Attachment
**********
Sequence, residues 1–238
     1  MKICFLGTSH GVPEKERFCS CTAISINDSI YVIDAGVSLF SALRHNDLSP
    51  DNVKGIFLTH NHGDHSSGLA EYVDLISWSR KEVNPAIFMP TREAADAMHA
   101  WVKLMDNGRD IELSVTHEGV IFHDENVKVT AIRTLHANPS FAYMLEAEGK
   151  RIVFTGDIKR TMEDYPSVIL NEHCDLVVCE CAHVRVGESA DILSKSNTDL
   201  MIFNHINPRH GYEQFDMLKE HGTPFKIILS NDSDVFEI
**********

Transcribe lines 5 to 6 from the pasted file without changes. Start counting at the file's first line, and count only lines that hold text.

   151  RIVFTGDIKR TMEDYPSVIL NEHCDLVVCE CAHVRVGESA DILSKSNTDL
   201  MIFNHINPRH GYEQFDMLKE HGTPFKIILS NDSDVFEI